DHA & Infant Nutrition

How to Ensure That Your Baby Gets Enough DHA and ARA

Providing DHA and ARA for Your Baby

Infants must obtain DHA and ARA from their diets, so it is important that parents provide them a diet that includes adequate amounts of both nutrients. Research has shown that infants who consumed adequate amounts of DHA and ARA, either through breast milk or DHA and ARA supplemented formulas, had higher levels of DHA in their bodies which may lead to improved developmental outcomes, including improved mental, visual and motor skill development.

DHA and ARA through Breastfeeding

Breast milk naturally contains DHA and ARA. Therefore, it is important that breastfeeding women consume a healthy diet that includes these important nutrients to support both their health and the health of their developing infant.

While most women typically consume enough ARA in their diets, many do not get enough DHA. The primary source of DHA is fatty fish, a dietary choice that is not a staple of the typical Western diet. Fortunately, a growing awareness of the dietary sources of DHA and the recent inclusion of DHA in certain prenatal products and fortified foods are making it easier for women who are breastfeeding to include this important nutrient in their diets every day.

DHA and ARA through Infant Formula

Although breast milk is the best source of nutrition for infants, some mothers are either unable to breast feed or choose to use infant formula for various reasons. Fortunately, over 90% of the infant formula sold in the U.S. now includes DHA and ARA. In fact, expert bodies such as a joint Expert Committee of the World Health Organization and the Food and Agricultural Organization (WHO/FAO) have recommended the inclusion of DHA and ARA in infant formulas.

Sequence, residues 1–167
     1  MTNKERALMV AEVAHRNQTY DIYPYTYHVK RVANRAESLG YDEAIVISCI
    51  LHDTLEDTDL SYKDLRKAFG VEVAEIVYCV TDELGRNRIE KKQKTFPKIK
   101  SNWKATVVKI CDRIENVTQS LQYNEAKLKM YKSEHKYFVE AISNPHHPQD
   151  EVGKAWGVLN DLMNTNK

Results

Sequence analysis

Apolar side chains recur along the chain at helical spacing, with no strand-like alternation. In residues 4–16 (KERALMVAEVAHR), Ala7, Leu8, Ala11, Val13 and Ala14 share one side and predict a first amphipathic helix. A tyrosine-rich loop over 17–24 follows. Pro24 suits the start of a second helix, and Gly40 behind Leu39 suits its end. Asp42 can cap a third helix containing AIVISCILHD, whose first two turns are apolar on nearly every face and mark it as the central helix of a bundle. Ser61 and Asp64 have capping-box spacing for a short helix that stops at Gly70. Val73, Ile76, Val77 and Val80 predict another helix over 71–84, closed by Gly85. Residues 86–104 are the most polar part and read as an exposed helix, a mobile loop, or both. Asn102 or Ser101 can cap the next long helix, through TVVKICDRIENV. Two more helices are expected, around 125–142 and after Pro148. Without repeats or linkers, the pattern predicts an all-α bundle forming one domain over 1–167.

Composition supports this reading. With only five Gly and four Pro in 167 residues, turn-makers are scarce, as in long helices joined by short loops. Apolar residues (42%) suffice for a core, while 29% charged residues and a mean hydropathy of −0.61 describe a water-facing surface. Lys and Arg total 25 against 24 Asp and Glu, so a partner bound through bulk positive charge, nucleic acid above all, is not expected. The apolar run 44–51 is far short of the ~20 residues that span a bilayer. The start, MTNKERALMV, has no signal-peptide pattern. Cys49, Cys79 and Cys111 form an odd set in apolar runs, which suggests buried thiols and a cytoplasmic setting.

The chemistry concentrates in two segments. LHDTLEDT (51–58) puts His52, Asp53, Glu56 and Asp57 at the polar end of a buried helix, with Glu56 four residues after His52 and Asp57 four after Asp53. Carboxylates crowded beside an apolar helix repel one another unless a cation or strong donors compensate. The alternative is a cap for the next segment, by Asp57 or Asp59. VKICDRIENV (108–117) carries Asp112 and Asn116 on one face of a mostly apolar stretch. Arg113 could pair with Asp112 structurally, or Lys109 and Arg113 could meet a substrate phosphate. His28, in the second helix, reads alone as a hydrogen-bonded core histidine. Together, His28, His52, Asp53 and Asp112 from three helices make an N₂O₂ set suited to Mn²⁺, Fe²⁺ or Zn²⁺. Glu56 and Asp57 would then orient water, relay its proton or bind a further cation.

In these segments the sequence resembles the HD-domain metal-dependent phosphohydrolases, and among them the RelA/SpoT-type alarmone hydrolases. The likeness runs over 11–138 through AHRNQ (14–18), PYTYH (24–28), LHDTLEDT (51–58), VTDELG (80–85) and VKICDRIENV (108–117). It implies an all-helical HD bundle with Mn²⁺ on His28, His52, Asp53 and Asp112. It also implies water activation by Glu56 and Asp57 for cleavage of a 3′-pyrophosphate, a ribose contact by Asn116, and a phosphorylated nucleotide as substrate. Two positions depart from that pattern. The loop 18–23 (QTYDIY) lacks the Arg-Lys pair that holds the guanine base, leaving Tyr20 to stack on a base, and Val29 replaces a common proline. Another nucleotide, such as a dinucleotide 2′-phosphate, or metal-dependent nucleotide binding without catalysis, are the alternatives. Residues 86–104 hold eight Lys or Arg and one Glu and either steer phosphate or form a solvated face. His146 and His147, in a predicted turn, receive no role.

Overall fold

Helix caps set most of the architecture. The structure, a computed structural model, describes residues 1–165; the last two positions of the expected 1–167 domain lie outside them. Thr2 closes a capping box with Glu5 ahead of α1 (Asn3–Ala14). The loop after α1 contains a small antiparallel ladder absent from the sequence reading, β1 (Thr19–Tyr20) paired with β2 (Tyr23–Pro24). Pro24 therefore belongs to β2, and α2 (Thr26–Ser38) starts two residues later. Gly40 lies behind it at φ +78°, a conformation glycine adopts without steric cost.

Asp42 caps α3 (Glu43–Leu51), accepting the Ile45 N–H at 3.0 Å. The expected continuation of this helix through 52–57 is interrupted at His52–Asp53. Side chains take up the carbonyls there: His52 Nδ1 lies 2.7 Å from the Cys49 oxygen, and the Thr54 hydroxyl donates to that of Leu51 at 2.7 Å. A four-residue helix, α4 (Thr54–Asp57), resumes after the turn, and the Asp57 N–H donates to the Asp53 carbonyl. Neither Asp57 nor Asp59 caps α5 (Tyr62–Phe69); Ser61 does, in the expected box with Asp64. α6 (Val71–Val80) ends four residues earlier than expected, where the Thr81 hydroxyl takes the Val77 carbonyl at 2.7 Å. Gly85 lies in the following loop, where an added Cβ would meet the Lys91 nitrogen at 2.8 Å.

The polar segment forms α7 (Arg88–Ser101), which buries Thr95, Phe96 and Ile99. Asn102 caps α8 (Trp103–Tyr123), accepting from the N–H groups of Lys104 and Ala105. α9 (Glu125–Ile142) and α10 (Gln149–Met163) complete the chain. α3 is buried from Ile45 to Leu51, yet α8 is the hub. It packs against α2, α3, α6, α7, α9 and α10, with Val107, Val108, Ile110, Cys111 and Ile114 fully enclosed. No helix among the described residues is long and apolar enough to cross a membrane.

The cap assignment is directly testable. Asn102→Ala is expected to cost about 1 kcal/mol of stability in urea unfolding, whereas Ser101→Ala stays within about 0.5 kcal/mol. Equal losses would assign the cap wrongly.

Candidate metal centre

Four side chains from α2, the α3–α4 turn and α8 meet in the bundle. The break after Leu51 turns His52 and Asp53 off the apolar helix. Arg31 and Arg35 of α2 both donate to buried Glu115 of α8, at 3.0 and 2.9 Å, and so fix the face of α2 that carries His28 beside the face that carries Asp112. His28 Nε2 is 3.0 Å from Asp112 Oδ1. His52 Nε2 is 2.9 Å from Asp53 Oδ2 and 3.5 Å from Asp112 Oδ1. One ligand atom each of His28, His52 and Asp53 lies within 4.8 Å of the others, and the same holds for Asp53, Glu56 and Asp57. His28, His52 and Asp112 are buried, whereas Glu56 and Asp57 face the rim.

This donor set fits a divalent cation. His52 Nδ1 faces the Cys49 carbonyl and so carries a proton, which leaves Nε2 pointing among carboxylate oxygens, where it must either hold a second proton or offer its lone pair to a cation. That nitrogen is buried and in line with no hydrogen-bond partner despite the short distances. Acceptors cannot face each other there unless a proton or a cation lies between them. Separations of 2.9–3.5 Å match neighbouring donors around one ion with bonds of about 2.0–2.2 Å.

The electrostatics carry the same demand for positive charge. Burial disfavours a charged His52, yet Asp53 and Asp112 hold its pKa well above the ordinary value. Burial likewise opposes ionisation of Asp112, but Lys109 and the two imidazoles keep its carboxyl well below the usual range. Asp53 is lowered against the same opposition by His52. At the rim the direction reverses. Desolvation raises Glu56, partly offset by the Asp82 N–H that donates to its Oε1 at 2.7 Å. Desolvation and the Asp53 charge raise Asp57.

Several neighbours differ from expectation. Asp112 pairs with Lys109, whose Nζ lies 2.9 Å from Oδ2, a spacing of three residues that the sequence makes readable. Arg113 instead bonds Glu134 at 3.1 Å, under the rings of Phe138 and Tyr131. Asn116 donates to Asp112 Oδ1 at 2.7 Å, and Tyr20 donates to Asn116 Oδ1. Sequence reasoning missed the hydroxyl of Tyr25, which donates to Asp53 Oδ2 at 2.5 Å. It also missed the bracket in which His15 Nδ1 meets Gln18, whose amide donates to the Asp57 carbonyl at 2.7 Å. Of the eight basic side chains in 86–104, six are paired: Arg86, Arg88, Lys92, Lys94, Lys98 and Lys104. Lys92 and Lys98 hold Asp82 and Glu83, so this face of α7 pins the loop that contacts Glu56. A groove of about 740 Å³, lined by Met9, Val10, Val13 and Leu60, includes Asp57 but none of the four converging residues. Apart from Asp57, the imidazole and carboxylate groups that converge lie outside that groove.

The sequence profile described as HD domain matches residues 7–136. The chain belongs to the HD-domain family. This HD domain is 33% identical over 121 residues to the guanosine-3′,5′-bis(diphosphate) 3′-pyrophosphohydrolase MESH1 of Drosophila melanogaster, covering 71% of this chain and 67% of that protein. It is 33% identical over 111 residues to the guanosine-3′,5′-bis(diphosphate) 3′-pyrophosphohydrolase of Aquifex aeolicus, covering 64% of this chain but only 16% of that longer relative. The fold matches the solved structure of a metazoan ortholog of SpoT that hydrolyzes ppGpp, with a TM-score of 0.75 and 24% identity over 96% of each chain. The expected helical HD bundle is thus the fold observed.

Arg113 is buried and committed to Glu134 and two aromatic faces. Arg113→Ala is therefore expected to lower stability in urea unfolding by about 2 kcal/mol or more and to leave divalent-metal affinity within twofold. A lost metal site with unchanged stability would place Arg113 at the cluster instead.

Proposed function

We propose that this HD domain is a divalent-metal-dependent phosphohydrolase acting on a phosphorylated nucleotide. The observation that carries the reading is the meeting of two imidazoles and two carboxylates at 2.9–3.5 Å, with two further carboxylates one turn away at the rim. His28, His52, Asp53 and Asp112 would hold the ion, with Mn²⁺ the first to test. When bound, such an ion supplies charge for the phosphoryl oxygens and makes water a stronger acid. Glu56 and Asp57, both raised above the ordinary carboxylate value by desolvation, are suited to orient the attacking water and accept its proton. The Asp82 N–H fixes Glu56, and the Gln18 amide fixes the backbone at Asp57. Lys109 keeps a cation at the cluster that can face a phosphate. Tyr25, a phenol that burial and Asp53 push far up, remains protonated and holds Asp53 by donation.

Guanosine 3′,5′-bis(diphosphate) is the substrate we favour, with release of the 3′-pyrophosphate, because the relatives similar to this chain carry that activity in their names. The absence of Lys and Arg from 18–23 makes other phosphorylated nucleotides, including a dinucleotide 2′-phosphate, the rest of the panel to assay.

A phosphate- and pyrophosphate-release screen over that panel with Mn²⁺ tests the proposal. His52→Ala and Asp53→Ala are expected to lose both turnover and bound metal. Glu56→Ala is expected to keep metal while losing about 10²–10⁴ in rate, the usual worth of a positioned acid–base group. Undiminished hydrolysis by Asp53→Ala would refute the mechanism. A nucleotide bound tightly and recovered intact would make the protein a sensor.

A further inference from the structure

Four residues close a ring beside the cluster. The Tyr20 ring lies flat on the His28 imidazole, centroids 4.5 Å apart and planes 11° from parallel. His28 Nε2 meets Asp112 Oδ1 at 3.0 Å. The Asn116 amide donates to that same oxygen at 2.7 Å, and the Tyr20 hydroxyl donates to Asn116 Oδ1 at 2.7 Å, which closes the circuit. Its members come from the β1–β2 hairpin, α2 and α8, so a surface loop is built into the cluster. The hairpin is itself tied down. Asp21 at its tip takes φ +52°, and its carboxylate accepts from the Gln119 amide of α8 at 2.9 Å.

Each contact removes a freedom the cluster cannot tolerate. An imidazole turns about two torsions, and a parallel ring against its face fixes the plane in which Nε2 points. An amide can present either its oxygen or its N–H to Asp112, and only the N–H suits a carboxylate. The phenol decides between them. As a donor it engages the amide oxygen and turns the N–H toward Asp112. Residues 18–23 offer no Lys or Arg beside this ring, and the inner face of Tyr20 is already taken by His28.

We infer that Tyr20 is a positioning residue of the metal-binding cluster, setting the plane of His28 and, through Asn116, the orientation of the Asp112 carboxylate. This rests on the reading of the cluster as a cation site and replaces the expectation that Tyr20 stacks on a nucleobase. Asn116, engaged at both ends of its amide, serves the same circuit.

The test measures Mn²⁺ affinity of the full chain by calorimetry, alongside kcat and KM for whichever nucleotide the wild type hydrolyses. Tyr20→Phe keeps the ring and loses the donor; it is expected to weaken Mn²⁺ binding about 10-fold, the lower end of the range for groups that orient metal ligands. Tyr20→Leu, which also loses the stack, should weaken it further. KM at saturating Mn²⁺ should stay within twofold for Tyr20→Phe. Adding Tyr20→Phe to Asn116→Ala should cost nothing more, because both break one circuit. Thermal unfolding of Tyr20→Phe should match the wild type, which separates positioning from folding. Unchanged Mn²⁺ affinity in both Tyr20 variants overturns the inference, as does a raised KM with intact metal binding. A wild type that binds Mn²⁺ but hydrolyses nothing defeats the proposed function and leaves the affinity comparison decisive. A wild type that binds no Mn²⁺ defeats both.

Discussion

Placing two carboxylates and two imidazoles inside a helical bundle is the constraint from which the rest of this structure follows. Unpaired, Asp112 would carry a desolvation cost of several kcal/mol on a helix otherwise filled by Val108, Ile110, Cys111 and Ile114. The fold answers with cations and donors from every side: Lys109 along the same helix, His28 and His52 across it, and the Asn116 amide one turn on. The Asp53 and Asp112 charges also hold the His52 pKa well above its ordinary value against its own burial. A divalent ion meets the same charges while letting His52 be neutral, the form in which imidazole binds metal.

Supplemented infant formula has been shown to be a good source of DHA and ARA for formula-fed babies. Certain studies have shown that infants who were fed formula supplemented with DHA and ARA at recommended levels showed improved mental development and exhibited better visual acuity than infants who were fed formula without these fatty acids.

What is ARA and Why It's Important for Your Health

Arachidonic acid (ARA) a long-chain omega-6 fatty acid, is the principal omega-6 in the brain, representing about 48% of the omega-6 fats in the brain. It is also abundant in other cells throughout the body. Like DHA, ARA occurs naturally in breast milk and is important for proper brain development in infants. It is also a precursor to a group of hormone-like substances called eicosanoids that play a role in immunity, blood clotting and other vital functions in the body. Supplementation beyond infancy is generally not required because adults obtain ARA by eating a balanced diet containing foods such as meat, eggs and milk.

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